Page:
Monthly Archives: November 2017

Invisible: Words of Apology to Older Moms

Ruth 1:1-18

The older my kids get, the more invisible I feel. With two high schoolers and a 5th grader, my days of diapers, naps and preschool are well behind me. Generally speaking, this season is welcome after years of little kid crazy. However, when surrounded by my younger counterparts, the fact that I’m further along in motherhood leaves a slight sting. You see, other moms simply don’t ask about my older children. In conversations about family life or activities, my 17 and 15 year old are glossed over and dismissed. Truth be told, many of them are so busy looking down at the little ones circling their skirts that they just can’t break away to look up and ahead.

The irony is that I am where they are going. While it seems far and unreachable now, they are right around the corner from being me. In the blink of an eye, their 8 year olds will be considering colleges and their preschoolers will be wrestling with relationships and heartbreak.

The Bible tells the beautiful story of Naomi and Ruth. After losing her husband and two sons, Naomi journeyed with her two young daughter-in-laws, Orpah and Ruth, in an attempt to find a new life. But as she walked, flanked by women half her age, did she feel known? Did she feel seen? Or did she feel obsolete and irrelevant? Did she, perhaps, feel invisible?

Eventually, with Naomi’s prodding, Orpah would leave to pursue a life of her own. This was not the case with Ruth.

“But Ruth said, ‘Do not urge me to leave you or to return from following you. For where you go I will go, and where you lodge I will lodge. Your people shall be my people, and your God my God. Where you die I will die, and there will I be buried. May the Lord do so to me and more also if anything but death parts me from you.’”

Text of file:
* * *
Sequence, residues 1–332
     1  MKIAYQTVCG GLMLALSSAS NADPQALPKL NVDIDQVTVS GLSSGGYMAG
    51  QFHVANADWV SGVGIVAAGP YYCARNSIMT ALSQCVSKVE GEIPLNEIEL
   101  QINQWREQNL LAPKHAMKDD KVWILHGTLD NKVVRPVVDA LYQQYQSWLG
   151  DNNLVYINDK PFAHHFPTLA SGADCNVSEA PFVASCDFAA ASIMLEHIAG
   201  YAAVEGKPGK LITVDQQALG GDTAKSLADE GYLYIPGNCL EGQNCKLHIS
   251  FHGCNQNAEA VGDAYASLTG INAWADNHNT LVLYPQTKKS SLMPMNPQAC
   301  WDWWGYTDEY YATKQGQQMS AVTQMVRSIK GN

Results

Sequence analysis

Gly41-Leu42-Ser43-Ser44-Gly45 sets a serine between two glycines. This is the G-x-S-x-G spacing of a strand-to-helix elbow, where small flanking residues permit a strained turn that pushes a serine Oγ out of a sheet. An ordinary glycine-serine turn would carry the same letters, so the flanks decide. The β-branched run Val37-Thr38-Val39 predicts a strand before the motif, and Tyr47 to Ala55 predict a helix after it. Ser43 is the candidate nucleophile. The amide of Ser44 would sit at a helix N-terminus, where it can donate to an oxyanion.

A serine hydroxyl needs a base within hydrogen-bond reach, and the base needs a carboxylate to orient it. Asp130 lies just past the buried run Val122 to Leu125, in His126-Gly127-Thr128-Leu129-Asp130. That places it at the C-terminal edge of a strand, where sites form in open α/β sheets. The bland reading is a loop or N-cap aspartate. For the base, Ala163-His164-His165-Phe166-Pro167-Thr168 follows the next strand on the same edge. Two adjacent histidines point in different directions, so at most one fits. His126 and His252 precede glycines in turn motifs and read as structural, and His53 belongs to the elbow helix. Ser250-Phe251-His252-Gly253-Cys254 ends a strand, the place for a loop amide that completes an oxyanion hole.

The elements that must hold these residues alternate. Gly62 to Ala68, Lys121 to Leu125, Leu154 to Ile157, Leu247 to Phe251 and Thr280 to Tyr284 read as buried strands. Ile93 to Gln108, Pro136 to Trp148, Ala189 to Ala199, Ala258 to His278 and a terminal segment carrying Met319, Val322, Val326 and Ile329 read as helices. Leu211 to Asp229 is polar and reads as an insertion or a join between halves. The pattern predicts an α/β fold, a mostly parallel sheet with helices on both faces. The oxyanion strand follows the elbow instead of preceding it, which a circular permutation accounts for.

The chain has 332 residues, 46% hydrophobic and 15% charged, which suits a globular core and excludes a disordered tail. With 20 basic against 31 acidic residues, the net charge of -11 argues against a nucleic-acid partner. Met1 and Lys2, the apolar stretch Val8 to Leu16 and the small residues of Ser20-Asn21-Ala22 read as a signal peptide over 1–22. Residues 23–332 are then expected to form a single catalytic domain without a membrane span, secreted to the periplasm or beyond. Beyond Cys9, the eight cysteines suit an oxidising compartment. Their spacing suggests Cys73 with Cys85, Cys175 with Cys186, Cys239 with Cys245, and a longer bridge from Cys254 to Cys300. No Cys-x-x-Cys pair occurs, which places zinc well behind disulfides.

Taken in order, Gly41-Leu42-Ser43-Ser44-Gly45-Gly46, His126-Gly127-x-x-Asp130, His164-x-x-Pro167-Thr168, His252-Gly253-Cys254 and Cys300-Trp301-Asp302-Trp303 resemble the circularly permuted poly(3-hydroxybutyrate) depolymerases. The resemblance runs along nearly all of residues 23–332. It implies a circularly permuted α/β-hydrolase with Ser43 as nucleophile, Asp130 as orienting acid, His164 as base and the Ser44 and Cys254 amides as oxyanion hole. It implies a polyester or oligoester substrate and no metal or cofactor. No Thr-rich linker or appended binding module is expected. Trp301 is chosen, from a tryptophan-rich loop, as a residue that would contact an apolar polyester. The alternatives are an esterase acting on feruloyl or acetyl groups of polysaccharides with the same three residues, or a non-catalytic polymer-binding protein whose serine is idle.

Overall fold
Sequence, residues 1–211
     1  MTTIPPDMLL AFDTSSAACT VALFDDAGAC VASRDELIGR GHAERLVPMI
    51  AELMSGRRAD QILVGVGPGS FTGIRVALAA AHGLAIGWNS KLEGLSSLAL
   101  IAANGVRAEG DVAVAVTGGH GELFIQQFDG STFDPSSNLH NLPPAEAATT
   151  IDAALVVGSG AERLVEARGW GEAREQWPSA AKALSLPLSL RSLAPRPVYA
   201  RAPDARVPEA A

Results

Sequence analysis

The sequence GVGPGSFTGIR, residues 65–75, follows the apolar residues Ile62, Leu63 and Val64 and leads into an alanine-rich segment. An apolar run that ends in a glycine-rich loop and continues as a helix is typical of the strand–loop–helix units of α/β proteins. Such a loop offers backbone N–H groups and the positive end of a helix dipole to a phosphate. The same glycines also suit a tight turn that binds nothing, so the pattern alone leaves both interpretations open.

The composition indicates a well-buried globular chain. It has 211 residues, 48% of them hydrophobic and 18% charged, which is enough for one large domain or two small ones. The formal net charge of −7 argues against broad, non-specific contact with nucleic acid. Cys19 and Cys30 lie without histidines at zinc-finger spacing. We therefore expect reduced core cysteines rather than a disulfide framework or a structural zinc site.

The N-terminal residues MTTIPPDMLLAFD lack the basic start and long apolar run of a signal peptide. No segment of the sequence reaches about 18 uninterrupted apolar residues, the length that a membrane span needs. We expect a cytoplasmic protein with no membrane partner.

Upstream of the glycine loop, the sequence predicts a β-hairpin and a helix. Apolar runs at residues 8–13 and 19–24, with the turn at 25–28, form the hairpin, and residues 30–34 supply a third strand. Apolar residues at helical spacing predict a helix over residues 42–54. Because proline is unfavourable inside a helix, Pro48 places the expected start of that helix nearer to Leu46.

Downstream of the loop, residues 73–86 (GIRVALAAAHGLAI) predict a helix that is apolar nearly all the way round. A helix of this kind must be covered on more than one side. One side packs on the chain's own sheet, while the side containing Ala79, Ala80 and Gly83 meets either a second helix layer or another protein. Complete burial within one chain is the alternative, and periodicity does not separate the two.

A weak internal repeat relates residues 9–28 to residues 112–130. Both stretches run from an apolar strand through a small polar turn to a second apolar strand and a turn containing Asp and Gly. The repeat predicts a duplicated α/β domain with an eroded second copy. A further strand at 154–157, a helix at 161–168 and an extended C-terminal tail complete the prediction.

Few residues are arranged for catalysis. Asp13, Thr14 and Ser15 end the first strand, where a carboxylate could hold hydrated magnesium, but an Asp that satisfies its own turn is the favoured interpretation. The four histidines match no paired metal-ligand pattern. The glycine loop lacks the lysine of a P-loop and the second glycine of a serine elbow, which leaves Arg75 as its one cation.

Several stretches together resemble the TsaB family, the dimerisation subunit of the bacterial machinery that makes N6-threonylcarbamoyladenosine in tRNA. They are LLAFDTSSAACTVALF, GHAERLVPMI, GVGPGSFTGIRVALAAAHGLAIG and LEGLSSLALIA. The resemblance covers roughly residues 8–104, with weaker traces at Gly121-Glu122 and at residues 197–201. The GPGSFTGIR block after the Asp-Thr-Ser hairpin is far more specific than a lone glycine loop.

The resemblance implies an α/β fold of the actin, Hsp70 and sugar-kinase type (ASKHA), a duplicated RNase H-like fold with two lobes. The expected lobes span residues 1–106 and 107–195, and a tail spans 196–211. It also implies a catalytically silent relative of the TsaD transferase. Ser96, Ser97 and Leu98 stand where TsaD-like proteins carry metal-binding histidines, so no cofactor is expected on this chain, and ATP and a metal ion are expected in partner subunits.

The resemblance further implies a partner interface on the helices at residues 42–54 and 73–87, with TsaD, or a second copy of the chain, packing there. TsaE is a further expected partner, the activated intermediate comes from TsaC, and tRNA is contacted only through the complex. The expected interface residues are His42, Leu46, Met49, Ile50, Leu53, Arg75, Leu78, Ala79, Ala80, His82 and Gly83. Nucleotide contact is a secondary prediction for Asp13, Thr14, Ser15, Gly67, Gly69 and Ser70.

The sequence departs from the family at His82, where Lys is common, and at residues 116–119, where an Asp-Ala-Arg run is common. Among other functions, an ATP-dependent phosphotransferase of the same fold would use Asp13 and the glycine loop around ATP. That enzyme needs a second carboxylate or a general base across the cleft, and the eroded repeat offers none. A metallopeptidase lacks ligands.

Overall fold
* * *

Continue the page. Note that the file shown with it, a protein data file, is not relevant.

Ruth 1: 16-17

As a younger woman, I always related much more to Ruth. Although certainly heartbroken and grieving, she was still young and had possibility and opportunity before her. Her life was largely unwritten and every experience offered fresh, new ink to add to her story. Lately, however, I am drawn to Naomi. There’s a good chance she was just about my age and wrestling with some of the same feelings I am.

Furthermore, after years of believing that Naomi was the lucky one for having a daughter-in-law so generous and loyal, my opinion has flipped. I now see that Ruth had the better end of the deal. On a pilgrimage to a new life, she had an unmatched opportunity to walk hand in hand with wisdom and experience. Naomi was an ocean of insight and a treasure chest of truth. She knew love and loss intimately and had decades of perspective. She had weathered the ups and downs of marriage and persevered through the ins and outs of child rearing. I imagine that over the miles, Ruth was an eager audience and I envision her listening intently, hanging on every word uttered by her mother-in-law.

I wish I had listened better. You see, now that I am a Naomi, I wish I had been a far better Ruth. I wish I had stopped when older moms came in the room and valued them for what they could offer. I wish I had recognized all the knowledge, discernment and understanding they held. But I missed it. Day after day, like many of the moms currently around me, I rarely bothered to look up at them. I didn’t ask and I didn’t listen.